Tuesday, June 18, 2013
Staff photo by Joe Phelan
Department of Health and Human Services Commissioner Mary Mayhew delivered that news Monday, telling members of the Appropriations Committee that the state will need to push final payments for June in to July because it's the start of the state's new fiscal year.
The shortfall is because of higher than expected costs in a handful of areas, including prescription drugs.
"We are monitoring the cycle payments very closely," Mayhew said. "We're looking at all the options to minimize the need for any capping of cycle payments."
Meantime, the state is trying to collect money that was overpaid to providers in the last year. So far, the state has collected $7 million and is sending notices to those who owe another $4 million. In total, the state paid out $16 million more than it should have to providers, and that money must now be recaptured.
The overpayments are because of continued computer billing problems at the department.
In addition, Mayhew said DHHS is two to three years behind in audits that need to be performed on MaineCare providers. "We need to get caught up," she said.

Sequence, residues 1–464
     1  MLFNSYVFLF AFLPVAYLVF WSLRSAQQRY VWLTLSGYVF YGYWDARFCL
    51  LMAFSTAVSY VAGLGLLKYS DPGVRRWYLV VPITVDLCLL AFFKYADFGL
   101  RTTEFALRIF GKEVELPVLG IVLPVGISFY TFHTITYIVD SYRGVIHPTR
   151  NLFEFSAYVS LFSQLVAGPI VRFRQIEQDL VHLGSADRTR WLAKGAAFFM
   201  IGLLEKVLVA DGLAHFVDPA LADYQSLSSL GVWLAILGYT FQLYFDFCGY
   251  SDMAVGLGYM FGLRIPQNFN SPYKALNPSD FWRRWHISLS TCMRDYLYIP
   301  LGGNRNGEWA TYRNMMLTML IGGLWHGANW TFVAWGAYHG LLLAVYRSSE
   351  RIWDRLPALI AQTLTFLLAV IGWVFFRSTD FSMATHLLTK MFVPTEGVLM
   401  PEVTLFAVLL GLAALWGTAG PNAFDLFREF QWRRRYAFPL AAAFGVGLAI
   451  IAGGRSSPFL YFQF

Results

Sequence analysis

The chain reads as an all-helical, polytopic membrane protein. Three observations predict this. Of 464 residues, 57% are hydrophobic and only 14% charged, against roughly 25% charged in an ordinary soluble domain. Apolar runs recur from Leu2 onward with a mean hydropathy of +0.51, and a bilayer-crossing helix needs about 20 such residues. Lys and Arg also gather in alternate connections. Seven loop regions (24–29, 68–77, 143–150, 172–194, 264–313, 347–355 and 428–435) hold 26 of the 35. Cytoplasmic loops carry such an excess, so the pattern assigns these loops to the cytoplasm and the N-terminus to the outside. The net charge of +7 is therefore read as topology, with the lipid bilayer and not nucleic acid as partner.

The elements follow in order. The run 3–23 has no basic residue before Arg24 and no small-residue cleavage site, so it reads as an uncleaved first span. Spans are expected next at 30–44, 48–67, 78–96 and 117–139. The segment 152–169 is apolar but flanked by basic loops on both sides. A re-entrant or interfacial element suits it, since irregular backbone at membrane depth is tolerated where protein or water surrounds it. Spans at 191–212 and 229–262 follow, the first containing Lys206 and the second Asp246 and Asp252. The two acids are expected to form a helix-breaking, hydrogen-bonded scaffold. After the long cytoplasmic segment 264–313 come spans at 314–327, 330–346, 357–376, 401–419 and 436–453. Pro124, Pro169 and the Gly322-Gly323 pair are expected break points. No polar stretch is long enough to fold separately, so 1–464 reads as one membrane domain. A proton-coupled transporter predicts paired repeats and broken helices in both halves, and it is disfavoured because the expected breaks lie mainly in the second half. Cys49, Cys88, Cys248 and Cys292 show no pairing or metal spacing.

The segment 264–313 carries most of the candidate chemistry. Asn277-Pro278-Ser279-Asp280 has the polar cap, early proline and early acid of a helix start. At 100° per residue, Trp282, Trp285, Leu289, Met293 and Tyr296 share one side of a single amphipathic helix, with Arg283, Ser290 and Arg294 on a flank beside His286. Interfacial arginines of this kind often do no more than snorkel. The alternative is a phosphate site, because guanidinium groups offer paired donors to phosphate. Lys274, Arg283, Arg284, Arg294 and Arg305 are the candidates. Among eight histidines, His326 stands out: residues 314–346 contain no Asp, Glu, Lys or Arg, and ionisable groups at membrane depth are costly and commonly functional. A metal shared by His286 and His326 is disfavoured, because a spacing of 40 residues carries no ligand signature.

The budget committee also got a revenue update that shows for the 11 months of this fiscal year, General Fund revenues are up nearly $25 million. For the month of May, revenues were $15.7 million higher than expected, partly because of a settlement received by the Office of the Attorney General, said Michael Allen, an associate commissioner at Maine Revenue Services.
Earlier in the meeting, Maine Public Employee Retirement System Director Sandy Matheson said she will release figures in July that show how much the state will need to pay out to the system over the next two fiscal years. Although original projections indicated the state would need to pay $690 million to the system for the 2014 and 2015 state budget years, that number will be less once the new figure is calculated, she said.
She estimated it would be $600 million to $610 million, although the final figure won't be available until later next month.
Reforms to the program passed last year by lawmakers have reduced the amount the state owes to the state retirement system.
Before the reforms passed, the state would have owed $900 million to the system in fiscal years 2014 and 2015.
The reforms included freezing benefits for three years and then capping future increases at 3 percent, instead of 4 percent. Also, the cost of living increases will be applied only to the first $20,000 of annual retirement income, and new hires and workers with less than five years of service will have to turn 65 before they qualify for benefits.
Susan Cover -- 621-5643